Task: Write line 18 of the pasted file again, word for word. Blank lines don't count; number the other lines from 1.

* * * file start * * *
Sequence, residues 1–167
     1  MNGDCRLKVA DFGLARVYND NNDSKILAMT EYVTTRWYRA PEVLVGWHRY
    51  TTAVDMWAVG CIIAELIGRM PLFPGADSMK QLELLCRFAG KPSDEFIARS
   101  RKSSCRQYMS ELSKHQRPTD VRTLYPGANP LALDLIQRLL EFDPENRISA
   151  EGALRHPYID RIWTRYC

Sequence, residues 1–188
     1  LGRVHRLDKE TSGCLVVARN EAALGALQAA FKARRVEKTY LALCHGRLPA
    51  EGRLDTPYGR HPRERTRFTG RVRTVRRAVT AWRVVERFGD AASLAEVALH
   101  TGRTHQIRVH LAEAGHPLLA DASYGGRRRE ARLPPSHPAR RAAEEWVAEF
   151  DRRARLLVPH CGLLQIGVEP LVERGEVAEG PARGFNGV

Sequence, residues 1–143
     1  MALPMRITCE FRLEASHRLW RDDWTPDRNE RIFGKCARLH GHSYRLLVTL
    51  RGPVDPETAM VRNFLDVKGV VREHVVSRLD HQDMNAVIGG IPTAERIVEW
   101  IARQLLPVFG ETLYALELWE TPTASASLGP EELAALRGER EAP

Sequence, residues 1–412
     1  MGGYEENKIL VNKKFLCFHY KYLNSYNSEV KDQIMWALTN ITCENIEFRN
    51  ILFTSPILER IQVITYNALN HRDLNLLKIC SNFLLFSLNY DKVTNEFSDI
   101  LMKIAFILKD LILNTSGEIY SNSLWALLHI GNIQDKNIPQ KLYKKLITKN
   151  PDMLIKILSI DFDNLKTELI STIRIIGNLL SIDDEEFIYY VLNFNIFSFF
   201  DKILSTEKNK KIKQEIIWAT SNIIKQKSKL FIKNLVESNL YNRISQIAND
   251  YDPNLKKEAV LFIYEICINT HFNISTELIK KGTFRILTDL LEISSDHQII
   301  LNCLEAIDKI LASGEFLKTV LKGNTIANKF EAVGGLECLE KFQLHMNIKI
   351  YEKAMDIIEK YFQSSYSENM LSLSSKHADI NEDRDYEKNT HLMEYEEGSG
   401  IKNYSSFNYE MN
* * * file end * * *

   101  LMKIAFILKD LILNTSGEIY SNSLWALLHI GNIQDKNIPQ KLYKKLITKN